A casual drive around Amherst will illustrate the fact that this town spends dramatically less on roads than most surrounding communities. The town website confirms that a large percentage of the streets and roads in Amherst are in dire need of repair. The data cited by Jeff Lee in his recent analytical piece, gleaned from the Massachusetts Division of Local Services, confirms that the town devotes a relatively small percentage of its budget to road repair. The result of years of underfunding: residential streets and even main roads that resemble those in developing nations.
My home street is a prime – but unfortunately typical – example of Amherst’s increasingly impassable roads. I have lived on this street for 30 years. It was last repaved a few years before my family moved in. The pavement has been patched and re-patched and patched again. The fixes are often slapdash – cold patch blacktop plopped into the worst of the un-swept, unprimed holes – and rarely last a year. Each winter, the potholes are worsened by the weather and resurrected by snow plowing, which routinely pushes last year’s asphalt additions into my yard. Grass sprouts in cracks in what’s left of the pavement, and many of the potholes have eaten through all the layers of blacktop to the gravel below. In 2018, I asked the Town Manager at a Cuppa Joe meeting when my street was due for re-pavement. He told me it was scheduled for next year (2019). I’m still waiting.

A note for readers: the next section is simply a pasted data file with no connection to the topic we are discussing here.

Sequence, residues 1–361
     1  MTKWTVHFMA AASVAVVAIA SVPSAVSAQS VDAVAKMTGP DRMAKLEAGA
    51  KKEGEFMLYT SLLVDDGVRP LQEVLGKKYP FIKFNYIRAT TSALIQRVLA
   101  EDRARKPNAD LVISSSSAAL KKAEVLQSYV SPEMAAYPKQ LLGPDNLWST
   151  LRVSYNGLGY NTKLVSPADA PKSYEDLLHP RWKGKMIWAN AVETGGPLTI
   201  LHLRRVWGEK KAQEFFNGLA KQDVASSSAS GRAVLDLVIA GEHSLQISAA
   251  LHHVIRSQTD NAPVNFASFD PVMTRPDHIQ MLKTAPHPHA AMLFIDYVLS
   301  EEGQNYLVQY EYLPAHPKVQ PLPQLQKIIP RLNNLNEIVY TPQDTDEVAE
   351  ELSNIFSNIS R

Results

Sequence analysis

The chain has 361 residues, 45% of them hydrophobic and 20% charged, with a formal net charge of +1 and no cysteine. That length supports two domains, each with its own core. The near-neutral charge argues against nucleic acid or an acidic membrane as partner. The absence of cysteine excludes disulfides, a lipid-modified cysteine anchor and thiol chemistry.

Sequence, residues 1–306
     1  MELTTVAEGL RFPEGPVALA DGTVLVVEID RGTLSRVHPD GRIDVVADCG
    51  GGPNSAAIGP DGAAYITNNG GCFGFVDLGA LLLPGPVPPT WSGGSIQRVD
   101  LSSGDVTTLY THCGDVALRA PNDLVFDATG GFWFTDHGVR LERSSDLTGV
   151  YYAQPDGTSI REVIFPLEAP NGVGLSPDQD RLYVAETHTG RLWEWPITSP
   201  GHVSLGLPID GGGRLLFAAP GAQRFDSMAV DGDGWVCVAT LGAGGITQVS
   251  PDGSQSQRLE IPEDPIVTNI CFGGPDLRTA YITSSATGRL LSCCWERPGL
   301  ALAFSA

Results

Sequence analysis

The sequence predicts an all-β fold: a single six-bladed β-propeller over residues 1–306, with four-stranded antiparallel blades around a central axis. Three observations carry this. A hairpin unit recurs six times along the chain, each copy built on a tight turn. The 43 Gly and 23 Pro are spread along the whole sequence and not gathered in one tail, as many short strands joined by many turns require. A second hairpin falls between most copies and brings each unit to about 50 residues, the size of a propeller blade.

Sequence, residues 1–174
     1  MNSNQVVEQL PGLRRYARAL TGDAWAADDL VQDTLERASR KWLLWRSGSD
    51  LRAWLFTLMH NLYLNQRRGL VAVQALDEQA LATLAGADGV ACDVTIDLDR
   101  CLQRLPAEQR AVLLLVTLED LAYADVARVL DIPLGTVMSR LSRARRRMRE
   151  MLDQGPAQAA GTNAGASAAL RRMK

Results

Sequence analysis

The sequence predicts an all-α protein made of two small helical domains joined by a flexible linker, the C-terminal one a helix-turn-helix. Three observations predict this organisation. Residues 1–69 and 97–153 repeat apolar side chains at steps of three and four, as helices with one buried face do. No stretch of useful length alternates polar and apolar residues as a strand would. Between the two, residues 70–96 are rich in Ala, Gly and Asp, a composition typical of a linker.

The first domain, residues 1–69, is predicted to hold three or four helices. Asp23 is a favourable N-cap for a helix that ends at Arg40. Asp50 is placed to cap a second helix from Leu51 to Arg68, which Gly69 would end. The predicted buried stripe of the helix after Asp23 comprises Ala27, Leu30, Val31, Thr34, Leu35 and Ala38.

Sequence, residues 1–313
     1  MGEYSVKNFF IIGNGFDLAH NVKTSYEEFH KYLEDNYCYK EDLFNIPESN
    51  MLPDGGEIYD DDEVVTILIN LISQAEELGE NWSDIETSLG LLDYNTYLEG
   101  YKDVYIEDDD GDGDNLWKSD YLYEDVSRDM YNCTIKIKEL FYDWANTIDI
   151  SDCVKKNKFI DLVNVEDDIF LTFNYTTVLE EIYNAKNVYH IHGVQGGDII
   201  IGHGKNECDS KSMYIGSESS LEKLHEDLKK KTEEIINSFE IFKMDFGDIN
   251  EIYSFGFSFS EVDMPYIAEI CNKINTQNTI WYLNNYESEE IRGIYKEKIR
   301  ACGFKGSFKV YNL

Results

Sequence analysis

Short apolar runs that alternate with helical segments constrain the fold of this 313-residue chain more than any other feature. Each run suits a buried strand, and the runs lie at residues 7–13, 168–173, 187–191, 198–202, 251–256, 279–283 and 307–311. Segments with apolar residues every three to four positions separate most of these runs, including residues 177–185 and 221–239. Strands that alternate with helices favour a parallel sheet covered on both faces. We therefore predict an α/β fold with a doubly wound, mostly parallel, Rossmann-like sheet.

Pothole repair is such a fundamental function of local government it is almost a standing joke. While Amherst has an admirable assemblage of social programs and amenities, like water parks and playgrounds for kids, great recreation programs and areas, and libraries slated to become even more spacious and grand, it would be great to be able to drive to them without fear of damaging one’s car. The situation is more acutely dangerous if one is on a bike, when the hazard of holes is compounded by untrimmed vegetation hanging into the road and debris left un-swept from what are supposed to be bike lanes.
Amherst has dug itself into a deep fiscal hole with several major capital projects in the works. The millions of dollars that should have been used over the last decade or so to insure we have safe, passable streets have been diverted to higher profile projects with more glitz or social probity. It is apparent from the data, and the state of our thoroughfares, that Amherst needs a reality check on its priorities. Personally, sure, it would be a fun ego trip to drive a Ferrari Monza. But I can only afford a Honda, and it can probably handle Amherst’s roads better than the Monza anyhow. Amherst needs a sober, realistic look at where it’s headed – and the streets it travels to get there.
John Varner is a resident of District 3